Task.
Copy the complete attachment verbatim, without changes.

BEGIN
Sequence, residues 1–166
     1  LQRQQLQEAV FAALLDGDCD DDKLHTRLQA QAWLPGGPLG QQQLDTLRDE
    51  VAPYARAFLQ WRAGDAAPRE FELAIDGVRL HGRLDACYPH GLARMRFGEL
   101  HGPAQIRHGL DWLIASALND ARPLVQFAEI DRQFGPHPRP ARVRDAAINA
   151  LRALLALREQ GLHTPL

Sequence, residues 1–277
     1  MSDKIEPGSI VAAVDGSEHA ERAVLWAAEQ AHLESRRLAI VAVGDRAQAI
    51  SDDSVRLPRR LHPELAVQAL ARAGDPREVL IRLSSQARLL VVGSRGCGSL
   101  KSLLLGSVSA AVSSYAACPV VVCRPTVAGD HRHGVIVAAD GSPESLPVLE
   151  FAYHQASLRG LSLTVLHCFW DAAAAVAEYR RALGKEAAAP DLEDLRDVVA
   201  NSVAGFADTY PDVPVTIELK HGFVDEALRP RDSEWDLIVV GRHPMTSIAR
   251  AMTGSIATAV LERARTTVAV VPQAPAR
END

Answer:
Sequence, residues 1–166
     1  LQRQQLQEAV FAALLDGDCD DDKLHTRLQA QAWLPGGPLG QQQLDTLRDE
    51  VAPYARAFLQ WRAGDAAPRE FELAIDGVRL HGRLDACYPH GLARMRFGEL
   101  HGPAQIRHGL DWLIASALND ARPLVQFAEI DRQFGPHPRP ARVRDAAINA
   151  LRALLALREQ GLHTPL

Sequence, residues 1–277
     1  MSDKIEPGSI VAAVDGSEHA ERAVLWAAEQ AHLESRRLAI VAVGDRAQAI
    51  SDDSVRLPRR LHPELAVQAL ARAGDPREVL IRLSSQARLL VVGSRGCGSL
   101  KSLLLGSVSA AVSSYAACPV VVCRPTVAGD HRHGVIVAAD GSPESLPVLE
   151  FAYHQASLRG LSLTVLHCFW DAAAAVAEYR RALGKEAAAP DLEDLRDVVA
   201  NSVAGFADTY PDVPVTIELK HGFVDEALRP RDSEWDLIVV GRHPMTSIAR
   251  AMTGSIATAV LERARTTVAV VPQAPAR